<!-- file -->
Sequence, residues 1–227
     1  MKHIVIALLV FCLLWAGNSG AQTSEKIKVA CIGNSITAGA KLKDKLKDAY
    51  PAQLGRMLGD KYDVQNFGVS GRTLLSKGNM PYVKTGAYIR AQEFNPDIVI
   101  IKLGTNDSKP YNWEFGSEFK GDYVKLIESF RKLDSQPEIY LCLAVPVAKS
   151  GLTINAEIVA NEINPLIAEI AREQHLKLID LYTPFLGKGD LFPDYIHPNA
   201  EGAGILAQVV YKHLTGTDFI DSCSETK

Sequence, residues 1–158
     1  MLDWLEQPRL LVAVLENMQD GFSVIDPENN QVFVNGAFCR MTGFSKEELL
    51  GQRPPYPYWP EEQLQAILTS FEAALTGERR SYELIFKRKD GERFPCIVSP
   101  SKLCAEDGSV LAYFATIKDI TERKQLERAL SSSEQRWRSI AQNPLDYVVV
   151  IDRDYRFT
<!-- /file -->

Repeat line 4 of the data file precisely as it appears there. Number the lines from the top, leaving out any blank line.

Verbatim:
   101  IKLGTNDSKP YNWEFGSEFK GDYVKLIESF RKLDSQPEIY LCLAVPVAKS